I finished in 2:09:04 and a victory by a bit over 11 minutes. 

Rev 3 is looking to be a stacked field and I'm really excited to see what happens. 

Tuesday, September 27, 2011

Augusta 70.3

Swim -- 19:31

Augusta 70.3 started off great.  Instead of lining up with all the other athletes I opted to stay to the far right and have clean water to start the swim.  I wanted to avoid all the fighting and wrestling that can go on at the start of pro men's race.  The gun sounded and I took off.  I could see the fastest swimmer in the group Kyle Leto to my left and slowly worked my way towards his feet.  By 400 meters into the swim I was on Kyle's feet and we were off the front.  About 600-700 meters we hit a patch of kelp and Kyle accelerated.  Unfortunately I got a bit tangled up with the kelp and Kyle swam away.  I continued to swim well and exited the water about 30 seconds down on Kyle but about 1:00 ahead of the main contenders.
Bike -- 2:14:18
Leading up to the race I was worried about the bike.  I was riding a borrowed Cervelo P4.  The P4 is a super fast bike but this P4 was a size 51cm and my P3 is a size 54cm.  After making some adjustments and taking it out for a few training spins I thought I was set to go.  All was well for the first 25 miles or so, I was riding strong and sitting in either second or third place (Kyle Leto had gone off the front).  So far this was my beset performance at a competitive 70.3 field.  I was riding with the some of the best athletes and holding my own.  However, about mile 35 my hip flexers and hamstrings began to cramp.  I tried to work them out by spinning and standing but nothing seemed to work.  At mile 40, the group accelerated and I cramped badly.  As my hamstrings cramped, I could not keep the pace and the group rode away.  Coming into T2 I was still in 8th place and had a decent lead over 9th and 10th.  However, getting off the bike I cramped very badly.  My hamstrings were absolutely done.  After about a minute struggle to put my shoes on, I attempted to start the run.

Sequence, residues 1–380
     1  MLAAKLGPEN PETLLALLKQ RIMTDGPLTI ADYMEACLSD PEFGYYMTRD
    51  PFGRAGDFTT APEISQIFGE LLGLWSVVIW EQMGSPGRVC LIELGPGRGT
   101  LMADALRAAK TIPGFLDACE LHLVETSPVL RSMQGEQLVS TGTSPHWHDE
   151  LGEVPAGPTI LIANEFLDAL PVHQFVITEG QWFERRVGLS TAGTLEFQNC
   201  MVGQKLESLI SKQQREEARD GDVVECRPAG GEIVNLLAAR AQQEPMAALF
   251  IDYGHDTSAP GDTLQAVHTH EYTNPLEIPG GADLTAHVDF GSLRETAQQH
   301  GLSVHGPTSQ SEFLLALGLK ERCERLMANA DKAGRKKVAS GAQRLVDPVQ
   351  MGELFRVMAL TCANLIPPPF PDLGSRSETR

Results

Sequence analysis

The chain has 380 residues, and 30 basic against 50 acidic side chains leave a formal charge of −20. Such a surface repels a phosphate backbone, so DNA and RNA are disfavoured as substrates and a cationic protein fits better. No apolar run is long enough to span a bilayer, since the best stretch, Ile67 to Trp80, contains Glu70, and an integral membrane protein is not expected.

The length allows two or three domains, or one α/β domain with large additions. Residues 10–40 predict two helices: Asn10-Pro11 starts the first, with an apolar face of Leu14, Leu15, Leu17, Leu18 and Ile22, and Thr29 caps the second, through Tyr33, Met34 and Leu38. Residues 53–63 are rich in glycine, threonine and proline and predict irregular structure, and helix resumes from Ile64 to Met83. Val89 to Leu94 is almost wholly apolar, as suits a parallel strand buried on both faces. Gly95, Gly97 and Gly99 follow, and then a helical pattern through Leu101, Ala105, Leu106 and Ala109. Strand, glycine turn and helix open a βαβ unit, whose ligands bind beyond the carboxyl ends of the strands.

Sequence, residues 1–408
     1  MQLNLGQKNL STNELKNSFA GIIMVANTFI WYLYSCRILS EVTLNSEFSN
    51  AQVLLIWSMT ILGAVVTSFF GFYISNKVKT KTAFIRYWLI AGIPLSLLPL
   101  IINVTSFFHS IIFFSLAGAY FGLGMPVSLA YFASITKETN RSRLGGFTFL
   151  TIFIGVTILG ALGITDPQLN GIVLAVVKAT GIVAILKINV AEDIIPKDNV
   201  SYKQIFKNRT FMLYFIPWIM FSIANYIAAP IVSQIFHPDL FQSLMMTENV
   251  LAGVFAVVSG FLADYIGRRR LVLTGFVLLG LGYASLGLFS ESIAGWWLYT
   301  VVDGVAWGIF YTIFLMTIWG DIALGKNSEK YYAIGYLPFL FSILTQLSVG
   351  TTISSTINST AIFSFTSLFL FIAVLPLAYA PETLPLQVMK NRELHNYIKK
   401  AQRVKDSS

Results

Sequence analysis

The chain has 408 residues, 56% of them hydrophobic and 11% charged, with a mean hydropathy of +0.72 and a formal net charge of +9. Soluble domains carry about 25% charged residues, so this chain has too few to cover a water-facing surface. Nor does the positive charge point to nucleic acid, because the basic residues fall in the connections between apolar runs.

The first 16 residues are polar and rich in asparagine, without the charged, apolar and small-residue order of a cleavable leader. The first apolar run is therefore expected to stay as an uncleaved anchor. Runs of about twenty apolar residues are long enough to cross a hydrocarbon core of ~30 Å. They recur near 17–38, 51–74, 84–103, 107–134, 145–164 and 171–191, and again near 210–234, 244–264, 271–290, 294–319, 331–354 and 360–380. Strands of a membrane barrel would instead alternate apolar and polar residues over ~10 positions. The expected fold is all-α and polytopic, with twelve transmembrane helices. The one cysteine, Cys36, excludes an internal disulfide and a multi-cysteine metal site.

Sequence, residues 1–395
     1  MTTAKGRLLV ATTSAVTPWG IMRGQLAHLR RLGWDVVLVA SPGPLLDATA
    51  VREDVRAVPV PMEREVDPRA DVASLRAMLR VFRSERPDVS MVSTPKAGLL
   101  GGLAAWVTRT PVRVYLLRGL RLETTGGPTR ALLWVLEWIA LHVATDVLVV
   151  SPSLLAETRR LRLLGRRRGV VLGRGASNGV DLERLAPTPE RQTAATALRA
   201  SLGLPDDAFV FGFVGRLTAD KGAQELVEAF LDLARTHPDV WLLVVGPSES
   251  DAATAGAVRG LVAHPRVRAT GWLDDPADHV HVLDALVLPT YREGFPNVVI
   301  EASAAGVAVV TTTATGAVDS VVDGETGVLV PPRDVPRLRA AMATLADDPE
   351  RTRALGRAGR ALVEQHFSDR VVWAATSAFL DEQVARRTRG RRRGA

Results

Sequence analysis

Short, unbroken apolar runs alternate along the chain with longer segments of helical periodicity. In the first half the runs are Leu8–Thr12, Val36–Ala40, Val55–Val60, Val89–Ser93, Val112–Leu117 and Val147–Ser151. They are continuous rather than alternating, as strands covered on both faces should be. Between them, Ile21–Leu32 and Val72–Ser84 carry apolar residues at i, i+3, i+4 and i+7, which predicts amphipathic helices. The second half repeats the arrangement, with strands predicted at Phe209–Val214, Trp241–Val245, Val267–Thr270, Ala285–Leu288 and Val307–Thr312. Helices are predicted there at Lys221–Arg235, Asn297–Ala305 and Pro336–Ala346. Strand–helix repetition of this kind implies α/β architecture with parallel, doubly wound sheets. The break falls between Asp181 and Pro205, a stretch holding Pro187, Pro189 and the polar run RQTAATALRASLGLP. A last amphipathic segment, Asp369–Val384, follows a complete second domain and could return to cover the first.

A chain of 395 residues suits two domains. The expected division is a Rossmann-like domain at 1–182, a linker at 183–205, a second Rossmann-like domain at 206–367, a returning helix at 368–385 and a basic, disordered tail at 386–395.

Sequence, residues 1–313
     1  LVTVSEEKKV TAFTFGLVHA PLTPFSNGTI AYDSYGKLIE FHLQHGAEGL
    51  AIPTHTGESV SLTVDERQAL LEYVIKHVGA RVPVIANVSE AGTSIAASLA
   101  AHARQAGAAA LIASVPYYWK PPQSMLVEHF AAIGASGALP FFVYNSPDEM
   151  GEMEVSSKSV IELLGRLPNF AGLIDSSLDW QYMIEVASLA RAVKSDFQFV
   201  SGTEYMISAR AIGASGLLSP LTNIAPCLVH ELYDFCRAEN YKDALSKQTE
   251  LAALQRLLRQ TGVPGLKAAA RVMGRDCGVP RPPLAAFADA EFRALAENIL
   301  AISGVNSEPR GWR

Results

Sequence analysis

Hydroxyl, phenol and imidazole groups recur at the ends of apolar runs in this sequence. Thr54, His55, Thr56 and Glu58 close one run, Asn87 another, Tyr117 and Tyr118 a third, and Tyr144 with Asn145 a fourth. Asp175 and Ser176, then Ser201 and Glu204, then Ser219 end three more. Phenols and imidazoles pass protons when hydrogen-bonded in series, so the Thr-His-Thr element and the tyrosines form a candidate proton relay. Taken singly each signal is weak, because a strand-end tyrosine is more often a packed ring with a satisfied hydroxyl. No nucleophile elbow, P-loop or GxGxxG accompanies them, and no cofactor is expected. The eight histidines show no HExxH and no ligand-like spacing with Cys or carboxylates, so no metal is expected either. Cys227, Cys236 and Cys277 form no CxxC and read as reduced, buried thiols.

Run -- DNF

My legs did not cooperate today.  The different bike and angles were too much for hamstrings and hip flexers.  I simply could not run.  Lesson learned, race my bike and my bike only...
Rev3 South Carolina on October 9 is the next key race.